Belfast Telegraph

Record turnout in memory of 1970 shooting victims

Last Friday’s (June 23) east Belfast march in memory of Jimmy McCurrie and Bobby Neill who were murdered by the IRA in June 1970 passed peacefully — but with a large marshall and police presence.



Jimmy McCurrie and Bobby Neill were murdered on June 27/28, 1970, by IRA snipers in the grounds of St Matthew’s Church on the Newtownards Road.

In the wake of the violence that has marred east Belfast since last Saturday the march went ahead without incident.

Spectators were barred from moving along with the bands at the beginning of the interface at St Matthew’s Chapel by marshalls and the PSNI were present en force and used large screens to keep nationalist youths away from the |parade.

Westbourne Presbyterian Church minister Reverend Mervyn Gibson condemned all the violence from both sides of the interface on Friday before a minute’s silence was held for Bobby Neill and Jimmy McCurrie.

Rev Gibson said that it was a fact that the two murdered men were shot from the chapel, just like those shot in the legs amidst the violence of Monday and Tuesday of last week. “Those are the facts of the matter,” he said.

“There has never been trouble at this parade,” he told the Community Telegraph. “It is very much for the families, it is always dignified and it is good for the families to know that their loved ones are remembered by the community.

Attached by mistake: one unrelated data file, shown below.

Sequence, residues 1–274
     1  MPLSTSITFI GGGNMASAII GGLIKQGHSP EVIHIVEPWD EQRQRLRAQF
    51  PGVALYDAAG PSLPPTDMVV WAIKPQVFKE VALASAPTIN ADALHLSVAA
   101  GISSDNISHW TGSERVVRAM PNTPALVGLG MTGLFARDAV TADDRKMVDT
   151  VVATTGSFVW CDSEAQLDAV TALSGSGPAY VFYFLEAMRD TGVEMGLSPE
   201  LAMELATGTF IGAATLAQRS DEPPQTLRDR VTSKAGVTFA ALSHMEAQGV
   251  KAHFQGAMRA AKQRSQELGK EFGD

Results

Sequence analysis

“You have to remember these men have never had justice,” he said: “The truth has never come out about their murders, and we still hope that it will.”

He said the weather on Friday night was the worst the parade and service has seen and yet there were more people out on the street than in previous years to show support for the McCurrie and Neill families.

Mr McCurrie’s widow Kathleen, who is now in her 80s, braved the rain to attend along with some of her four children.

One of her daughters carried the banner at the front of the parade in memory of her father.

Mrs McCurrie said the 41 years since her husband’s murder had been a life sentence for her.

No one has ever been convicted of the murder and the Historical Enquiries Team (HET) told her that no prosecutions are ever likely to be forthcoming.

She said that while those responsible have not faced justice in life, they will be judged for what they did in death.

An official memorial to the men and three others killed that night stands on the Newtownards road, the bands that marched on Friday laid a weath at the site of the memorial in memory of the deceased.

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